A Bright Spot in Chapters

Your association and chapters probably face the same challenge the International Interior Design Association (IIDA) wrestles with: filling the industry and association leadership pipeline.

Their New England chapter meanwhile was acting. In 2013, IIDA New England launched the Emerging Leaders Network (ELN) answering one of the top requests from firm principals:  provide specific professional development training to rising designers in the chapter. The focus was on designers with at least 3 years and a maximum of 8 years of experience in the design industry. The goal was preparing these professionals for leadership roles through a series of interactive seminars covering a wide spectrum of skills and business fundamentals over an 11-month program. In 2019, the chapter expanded the program with L.E.A.D (Leadership Exploration & Development) designed for professionals in the 10-15 year category to provide continued advancement and development throughout their careers.

IIDA New England is a bright spot in the IIDA network. While we often in chapter management look for the problems to provide help and solutions, we might take a page from Dan and Chip Heath’s book and instead look for the bright spots.

Interestingly, many of us in the chapter management are practicing at least the first step in tapping bright spots: we actively ask chapters to share best practices and successes like the Grant Professionals Association online form for submitting ideas or the American College of Physicians which collects success stories on chapter awards nomination form or the Association for Computing Machinery – Women in Computing’s monthly Facebook contest for student chapters (best post wins a $50 prize for the chapter).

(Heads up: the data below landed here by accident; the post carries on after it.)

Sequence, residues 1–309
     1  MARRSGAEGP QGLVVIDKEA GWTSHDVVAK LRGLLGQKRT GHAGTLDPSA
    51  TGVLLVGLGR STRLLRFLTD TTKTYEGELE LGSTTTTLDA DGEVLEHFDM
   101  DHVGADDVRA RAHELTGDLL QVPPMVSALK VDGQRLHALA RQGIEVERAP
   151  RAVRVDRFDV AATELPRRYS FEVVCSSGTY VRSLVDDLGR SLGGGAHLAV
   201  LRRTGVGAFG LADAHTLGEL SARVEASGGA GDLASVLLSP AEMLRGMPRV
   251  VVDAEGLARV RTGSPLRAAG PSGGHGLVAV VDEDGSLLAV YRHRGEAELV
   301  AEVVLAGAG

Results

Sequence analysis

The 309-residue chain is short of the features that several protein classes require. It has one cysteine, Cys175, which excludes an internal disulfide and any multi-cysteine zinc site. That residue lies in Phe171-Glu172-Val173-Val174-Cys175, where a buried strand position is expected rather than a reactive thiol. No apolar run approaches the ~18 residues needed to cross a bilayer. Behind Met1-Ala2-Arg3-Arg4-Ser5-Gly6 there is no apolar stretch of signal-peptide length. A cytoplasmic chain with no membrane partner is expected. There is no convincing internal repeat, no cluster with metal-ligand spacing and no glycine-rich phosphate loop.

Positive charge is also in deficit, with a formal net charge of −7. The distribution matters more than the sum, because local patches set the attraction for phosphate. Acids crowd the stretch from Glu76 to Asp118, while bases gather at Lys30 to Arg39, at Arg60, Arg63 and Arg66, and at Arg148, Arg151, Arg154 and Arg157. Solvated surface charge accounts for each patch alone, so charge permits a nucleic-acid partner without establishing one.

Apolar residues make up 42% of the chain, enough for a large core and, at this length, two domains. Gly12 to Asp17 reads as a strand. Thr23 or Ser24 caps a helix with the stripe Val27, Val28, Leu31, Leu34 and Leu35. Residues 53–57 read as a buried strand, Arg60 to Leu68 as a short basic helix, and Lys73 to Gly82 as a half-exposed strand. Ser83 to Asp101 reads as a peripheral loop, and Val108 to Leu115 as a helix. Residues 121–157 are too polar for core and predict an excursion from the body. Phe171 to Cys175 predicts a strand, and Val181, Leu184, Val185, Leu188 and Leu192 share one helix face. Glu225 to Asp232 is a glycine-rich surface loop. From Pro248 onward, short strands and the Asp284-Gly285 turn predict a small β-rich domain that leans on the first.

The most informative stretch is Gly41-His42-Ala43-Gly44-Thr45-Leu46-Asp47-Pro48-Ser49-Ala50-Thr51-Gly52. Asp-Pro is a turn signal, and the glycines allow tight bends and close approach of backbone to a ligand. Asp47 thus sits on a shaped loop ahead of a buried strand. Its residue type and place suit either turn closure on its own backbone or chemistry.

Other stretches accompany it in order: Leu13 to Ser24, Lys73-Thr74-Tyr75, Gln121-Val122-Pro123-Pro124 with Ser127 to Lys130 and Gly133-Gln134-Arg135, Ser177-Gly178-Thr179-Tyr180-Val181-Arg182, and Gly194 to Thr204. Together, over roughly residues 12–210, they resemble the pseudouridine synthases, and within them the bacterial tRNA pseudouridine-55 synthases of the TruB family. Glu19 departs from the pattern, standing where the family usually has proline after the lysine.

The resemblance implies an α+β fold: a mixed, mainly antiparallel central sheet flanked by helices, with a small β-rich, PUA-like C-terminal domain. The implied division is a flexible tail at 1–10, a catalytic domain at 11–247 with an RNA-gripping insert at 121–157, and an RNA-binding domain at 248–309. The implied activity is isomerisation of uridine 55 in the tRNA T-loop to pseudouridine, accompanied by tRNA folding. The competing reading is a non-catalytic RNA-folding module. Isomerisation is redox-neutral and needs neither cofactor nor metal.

It is what we do next that makes the difference.

We explored the what and how of leveraging bright spots in two sessions at CEX 2020. The first session, led by Charlotte Muylaert of Billhighway gave us a working definition of a bright spot and a process for identifying and sharing. We heard from NACE chapter manager Cathi Horner about the Maine Chapter’s bright spot and how they are sharing. Session two featured three other associations sharing bright spots: Associated General Contractors Austin Chapter’s virtual training win, NACE Maine’s awareness campaign, and the Illinois Principals Association’s membership win. Read more on what’s a bright spot and how it can be used to help chapters innovate, six steps for identifying bright spots, and how to share exceptional chapter behavior and practices.

Back to IIDA. What makes this a bright spot? Instead of working alone, the chapter partnered with local firms to solve a mutual challenge—filling the leadership pipeline. That support was instrumental in both marketing and growing the program and in developing a revenue source. And IIDA’s bright idea was offering Catalyst Grants so other chapters could replicate.

What problems are chapters experiencing right now that could be solved by a bright spot approach?